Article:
Our study has several limitations. First, our sample size was very small, and there were only 4 subjects in Met/Met genotype group. This limitation restricts our preliminary results. Second, this study included both first-episode and recurrent patients. Recurrent patients may be influenced by previous treatment effects such as upregulation of D2 receptors. Third, this study focused on only a COMT polymorphism, and we did not examine gene–gene interactions. Finally, we did not examine cognitive functions such as working memory with a neuropsychological test battery. Nevertheless, this is the first study to investigate the effects of the Val 108/158 Met polymorphism in COMT on treatment response to aripiprazole, and our results showed that individuals with the Met/Met genotype had greater improvement in PANSS score after the treatment. Further studies should investigate the underlying biological mechanism of the association between the Met/Met genotype and a favorable response to antipsychotics.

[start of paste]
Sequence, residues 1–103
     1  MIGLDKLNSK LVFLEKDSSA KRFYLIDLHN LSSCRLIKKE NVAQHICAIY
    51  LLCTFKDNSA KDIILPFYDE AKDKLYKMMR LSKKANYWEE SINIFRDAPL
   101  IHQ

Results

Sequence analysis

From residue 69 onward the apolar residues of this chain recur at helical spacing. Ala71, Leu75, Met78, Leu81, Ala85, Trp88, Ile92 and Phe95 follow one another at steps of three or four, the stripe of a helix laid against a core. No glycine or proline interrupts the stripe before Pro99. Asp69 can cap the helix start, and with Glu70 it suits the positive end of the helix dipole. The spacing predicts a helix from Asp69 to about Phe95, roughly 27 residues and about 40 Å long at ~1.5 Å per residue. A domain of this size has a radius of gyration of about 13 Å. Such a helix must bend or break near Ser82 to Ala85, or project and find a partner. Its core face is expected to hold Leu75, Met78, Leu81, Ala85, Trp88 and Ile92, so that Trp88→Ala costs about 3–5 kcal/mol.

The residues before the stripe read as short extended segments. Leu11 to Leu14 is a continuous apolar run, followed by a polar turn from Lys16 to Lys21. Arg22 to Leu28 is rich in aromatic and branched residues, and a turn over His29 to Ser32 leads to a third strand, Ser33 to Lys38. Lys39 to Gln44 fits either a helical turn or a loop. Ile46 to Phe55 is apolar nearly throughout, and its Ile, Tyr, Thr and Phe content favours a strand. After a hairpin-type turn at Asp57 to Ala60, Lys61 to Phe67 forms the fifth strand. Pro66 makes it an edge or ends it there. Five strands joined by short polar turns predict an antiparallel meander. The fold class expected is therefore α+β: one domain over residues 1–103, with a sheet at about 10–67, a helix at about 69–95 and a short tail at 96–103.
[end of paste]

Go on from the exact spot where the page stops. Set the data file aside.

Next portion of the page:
We found a significant association between the Val 108/158 Met polymorphism in COMT and the improvement in PANSS score after the treatment with aripiprazole. Although the responder rate did not differ among the 3 genotype groups, individuals with the Met/Met genotype had greater improvement in PANSS score after the treatment. On the other hand, the Val 108/158 Met polymorphism may not affect plasma levels of HVA or MHPG. Caution is needed when interpreting our results because of the small sample size and heterogeneity among patients. Additional studies with a larger sample size are needed to confirm and extend our results.
The authors thank Kazuko Kanno for help with running polymerase chain reaction experiments.
The authors report no conflicts of interest in this work.
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Table S1 Comparisons between responders and nonresponders